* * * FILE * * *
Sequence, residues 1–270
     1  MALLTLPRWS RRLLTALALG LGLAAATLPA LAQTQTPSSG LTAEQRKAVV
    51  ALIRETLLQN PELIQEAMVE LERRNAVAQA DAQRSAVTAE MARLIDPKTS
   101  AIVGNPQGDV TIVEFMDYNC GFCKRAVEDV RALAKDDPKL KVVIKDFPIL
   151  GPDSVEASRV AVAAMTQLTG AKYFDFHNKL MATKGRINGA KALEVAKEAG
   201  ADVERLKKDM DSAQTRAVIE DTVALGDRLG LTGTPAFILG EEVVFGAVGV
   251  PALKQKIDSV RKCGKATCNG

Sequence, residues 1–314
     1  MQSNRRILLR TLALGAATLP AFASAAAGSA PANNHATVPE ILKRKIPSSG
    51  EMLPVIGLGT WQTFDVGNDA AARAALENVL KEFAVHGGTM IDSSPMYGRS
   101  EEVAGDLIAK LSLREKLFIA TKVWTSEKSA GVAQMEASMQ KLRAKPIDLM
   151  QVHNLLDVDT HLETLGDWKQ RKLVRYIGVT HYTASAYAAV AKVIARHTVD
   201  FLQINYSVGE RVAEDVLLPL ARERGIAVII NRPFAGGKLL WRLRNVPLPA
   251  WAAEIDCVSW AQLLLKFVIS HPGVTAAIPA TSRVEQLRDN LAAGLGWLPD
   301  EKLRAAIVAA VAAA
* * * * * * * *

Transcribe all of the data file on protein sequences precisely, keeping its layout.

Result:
Sequence, residues 1–270
     1  MALLTLPRWS RRLLTALALG LGLAAATLPA LAQTQTPSSG LTAEQRKAVV
    51  ALIRETLLQN PELIQEAMVE LERRNAVAQA DAQRSAVTAE MARLIDPKTS
   101  AIVGNPQGDV TIVEFMDYNC GFCKRAVEDV RALAKDDPKL KVVIKDFPIL
   151  GPDSVEASRV AVAAMTQLTG AKYFDFHNKL MATKGRINGA KALEVAKEAG
   201  ADVERLKKDM DSAQTRAVIE DTVALGDRLG LTGTPAFILG EEVVFGAVGV
   251  PALKQKIDSV RKCGKATCNG

Sequence, residues 1–314
     1  MQSNRRILLR TLALGAATLP AFASAAAGSA PANNHATVPE ILKRKIPSSG
    51  EMLPVIGLGT WQTFDVGNDA AARAALENVL KEFAVHGGTM IDSSPMYGRS
   101  EEVAGDLIAK LSLREKLFIA TKVWTSEKSA GVAQMEASMQ KLRAKPIDLM
   151  QVHNLLDVDT HLETLGDWKQ RKLVRYIGVT HYTASAYAAV AKVIARHTVD
   201  FLQINYSVGE RVAEDVLLPL ARERGIAVII NRPFAGGKLL WRLRNVPLPA
   251  WAAEIDCVSW AQLLLKFVIS HPGVTAAIPA TSRVEQLRDN LAAGLGWLPD
   301  EKLRAAIVAA VAAA